1 The pages are unnumbered. See, in particular, the beginning of Part II.
3 The British Journal for the History of Science, ii (1964), 163.
4 Annales de la société scientifique de Bruxelles, xlvii (1927), 77–102.
5 Lexicon seu dictionarium mathematicum, etc. (Strasburg, 1573), p. 25 (Greek section). Mr. T. I. M. Beardsworth kindly provided this translation from the Greek.
6 Lexicon Technicum, or, an Universal Dictionary of Arts and Sciences (London, 1736).
7 Mentioned again below. Some confusion exists over this work, as the result of its opening sentence: “Organum Ptolemaei Reverendissime domine…” It does not contain a treatment of any of the instruments which were known under the generic name organum Ptolemei. These instruments derive ultimately from Ptolemy's Analemma (translated as Liber de annalemmate by William of Moerbeke). They include the navicula-type sundial (“little ship of Venice”). The same projection appears to have been revived by Regiomontanus for the sundial known by his name (universal rectilinear altitude dial). Three different texts, all roughly contemporary with Regiomontanus, and dealing with the Organum Ptolomei, are to be found in the Vienna Hofbibliothek, Latin MSS. 5258 (ff. 80r-81v, with figure), 5303 (ff. 253v-255v, with figure), 5418 (ff. 180r-189v, virtually the same text); and Munich Stadbibliothek, Latin MS. 24105 (ff. 85r-88r, Canones Magistri Andree Stiborii Boi…, no figure). Another text, probably related, is Bibliothèque Nationale, Latin MS. 5789 (ff. 215r-216v). So far as I know, nothing has been written on the manuscript tradition of this important projection. (There are four MSS. in Oxford, of a much earlier date, dealing with the navicula, and another in the British Museum.)
8 Mr. Francis Maddison has provided the following historical notes on the universal astrolabe projection: ‘Alî b. Khalaf (Toledo, 11th C.) was probably the inventor of the Lamina universal, described in the Libros del saber, c. 1277. Az-Zarqellu (Toledo, 11th C.) improved and simplified the Lamina universal and wrote a treatise on it. This is the type of universal astrolabe which goes by his name. Several maghribí Islamic instruments of a later date bear the same projection. Az-Zarqellu's astrolabe was known in medieval Christian Europe, where it was called the saphea arzachelis or simply saphea. Rare examples survive, and are to be seen in museums in Oxford and Cracow. Gemma Frisius describes a similar astrolabe as his astrolabum (sic) catholicum in his book De astrolabo catholico, published in 1550. (This is referred to again below.) On Az-Zarqellu, see Vallicrosa, J. M. Millás, Estudios Sobre Azarquiel (Madrid-Granada, 1943–1950), ch. 9, pp. 425–455. On Gemma's astrolabe, see Michel, Henri, Traité de l'astrolabe (Brussels, 1947).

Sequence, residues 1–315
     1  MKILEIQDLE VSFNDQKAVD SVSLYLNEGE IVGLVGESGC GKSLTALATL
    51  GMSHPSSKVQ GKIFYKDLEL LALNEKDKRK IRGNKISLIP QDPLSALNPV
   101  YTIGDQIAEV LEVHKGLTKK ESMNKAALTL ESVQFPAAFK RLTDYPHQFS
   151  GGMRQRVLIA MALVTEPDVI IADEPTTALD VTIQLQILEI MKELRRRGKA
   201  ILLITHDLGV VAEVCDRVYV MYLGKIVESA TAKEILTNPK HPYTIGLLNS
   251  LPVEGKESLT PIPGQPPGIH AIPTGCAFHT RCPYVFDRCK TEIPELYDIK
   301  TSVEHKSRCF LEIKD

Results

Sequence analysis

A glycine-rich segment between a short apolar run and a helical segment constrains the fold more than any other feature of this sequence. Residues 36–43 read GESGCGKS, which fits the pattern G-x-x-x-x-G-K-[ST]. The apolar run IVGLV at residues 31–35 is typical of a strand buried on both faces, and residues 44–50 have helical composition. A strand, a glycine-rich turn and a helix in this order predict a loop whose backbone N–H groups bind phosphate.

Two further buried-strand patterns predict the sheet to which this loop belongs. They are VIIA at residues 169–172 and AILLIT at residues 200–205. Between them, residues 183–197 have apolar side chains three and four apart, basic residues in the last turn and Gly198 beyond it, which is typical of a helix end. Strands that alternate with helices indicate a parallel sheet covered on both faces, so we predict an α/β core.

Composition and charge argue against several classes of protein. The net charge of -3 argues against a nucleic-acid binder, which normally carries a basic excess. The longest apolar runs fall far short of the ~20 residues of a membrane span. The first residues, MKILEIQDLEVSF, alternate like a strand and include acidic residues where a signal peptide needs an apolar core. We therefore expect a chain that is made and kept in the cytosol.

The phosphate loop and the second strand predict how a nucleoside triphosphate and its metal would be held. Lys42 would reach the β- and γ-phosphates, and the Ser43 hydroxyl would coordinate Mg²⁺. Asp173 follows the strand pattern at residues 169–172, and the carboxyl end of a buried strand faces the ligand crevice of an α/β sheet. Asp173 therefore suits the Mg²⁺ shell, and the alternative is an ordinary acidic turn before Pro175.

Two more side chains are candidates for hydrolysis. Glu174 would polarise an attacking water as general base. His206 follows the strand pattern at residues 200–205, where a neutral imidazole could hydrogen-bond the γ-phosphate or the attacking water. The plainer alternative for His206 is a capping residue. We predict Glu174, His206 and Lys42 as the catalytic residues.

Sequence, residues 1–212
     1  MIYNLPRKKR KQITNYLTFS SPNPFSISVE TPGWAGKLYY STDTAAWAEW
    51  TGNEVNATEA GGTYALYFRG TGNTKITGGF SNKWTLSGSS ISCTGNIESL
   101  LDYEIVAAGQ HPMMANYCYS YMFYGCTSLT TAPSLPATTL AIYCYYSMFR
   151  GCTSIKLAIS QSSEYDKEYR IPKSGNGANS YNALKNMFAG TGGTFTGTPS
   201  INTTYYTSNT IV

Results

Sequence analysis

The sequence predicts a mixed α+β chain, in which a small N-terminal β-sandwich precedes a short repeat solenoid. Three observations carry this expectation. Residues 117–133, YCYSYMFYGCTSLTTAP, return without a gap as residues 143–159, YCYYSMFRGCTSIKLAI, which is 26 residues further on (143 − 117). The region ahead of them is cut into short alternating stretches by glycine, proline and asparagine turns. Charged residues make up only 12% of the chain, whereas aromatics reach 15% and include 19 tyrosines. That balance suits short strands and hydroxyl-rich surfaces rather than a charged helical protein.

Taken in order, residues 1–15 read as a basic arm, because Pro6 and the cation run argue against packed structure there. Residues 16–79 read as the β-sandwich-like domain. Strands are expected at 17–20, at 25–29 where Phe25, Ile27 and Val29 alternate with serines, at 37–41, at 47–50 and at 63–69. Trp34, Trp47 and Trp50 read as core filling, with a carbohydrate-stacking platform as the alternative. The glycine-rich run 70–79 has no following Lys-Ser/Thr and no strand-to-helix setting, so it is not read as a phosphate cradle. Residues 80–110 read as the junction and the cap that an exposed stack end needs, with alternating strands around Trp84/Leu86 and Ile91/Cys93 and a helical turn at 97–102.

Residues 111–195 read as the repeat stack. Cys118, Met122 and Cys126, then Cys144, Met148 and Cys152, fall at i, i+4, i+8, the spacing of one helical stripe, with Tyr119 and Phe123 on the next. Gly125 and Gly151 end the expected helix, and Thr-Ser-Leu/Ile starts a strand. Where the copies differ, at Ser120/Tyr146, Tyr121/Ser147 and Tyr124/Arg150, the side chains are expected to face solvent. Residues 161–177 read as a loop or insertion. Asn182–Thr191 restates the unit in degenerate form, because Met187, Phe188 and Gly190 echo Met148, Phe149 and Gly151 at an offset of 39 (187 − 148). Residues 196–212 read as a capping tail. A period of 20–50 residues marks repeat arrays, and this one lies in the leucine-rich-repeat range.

9 Taking the Vienna MSS., they are as follows (with incipits in brackets): Latin MS. 5311, ff. 34v-35r (Descripcionum que sunt in facie tabule…). This is a translation of Part II of Az-Arqellu's treatise. Latin MSS. 5496, ff. 58v-66r, 5258, ff. 55v-61r (Saphea et spera proiecta in plano cuius circuii…). The former copy is not listed by Thorndike and Kibre, while I imagine that their 5255 is a misprint for 5258. Latin MS. 5258, ff. 65v-71v (In zaphea precedenti circuii qui paralleli nuncupati sunt…). Supplementary to the foregoing: Latin MS. 5258, ff. 88v-89r (Ex saphea orizontale horologium in quocumque elevationum fabricare). Stiborius's canons. Cf. another Stiborius text in Munich Stadtbibliothek: Latin MS. 24105, ff. 69r-85r (Saphea est instrumentum universale…). See footnote 7 above.
10 These, which were published in 1524 and 1534, begin: “Locum Sous uerum in dorso per diem…” and “Saphea iam pridem uocato creditur siue quasi sphera…”
11 At Nuremberg. Notice also his Tractatus super propositions Ptolemaei de sinubus et chordis (Nuremberg, 1541).
12 De lateribus et angulis triangulorum (Wittenberg, 1542). This comprises the trigonometric part of the De revolutionibus of 1543. Rheticus supervised its publication.
13 There is no such possibility in plane trigonometry, of course.
14 “We see how hated is mathematics, on account of its apparent difficulty. We have tried to simplify it, and have worked out new ways in which we may help those who are perplexed by arithmetic.” (From the introduction to the Astronomicum Caesareum.)
15 The MSS. were published in Abhandlungen zur Geschichte der Mathematischen Wissenschaften, xxiv, Part i (1907) and Part ii (1913). The historical notes by Björnbo, which are to be found in the first part, are very valuable.
16 The letter to Bessarion was reprinted as a chapter of Annuli astronomici, by Petrus Beausardus (Paris, 1558). It is not in the 1553 (Antwerp) edition of this work.
17 No such work is listed by F. van Ortroy, Apian's bibliographer. See Bibliographie de l'oeuvre de Pierre Apian (reprinted Amsterdam, 1963). The title of the book by Gemma does not, on the other hand, go on to mention the meteoroscope.
18 Apian's Instrumentum sinuum of 1541 gives tables of sines to five figures. Purbach's book, of the same year, gave tables to seven figures.
19 An example of this instrument, probably by Thomas Gemini, is now in the collection at the Adler Planetarium, Chicago. See Gunther's, Astrolabes of the World, vol. ii, pp. 492–501, which includes illustrations from Blagrave's book.
20 Conclusion to the Meteoroscope section of the Astronomicum Caesareum.
21 So, indeed, did one of Werner's meteoroscopes.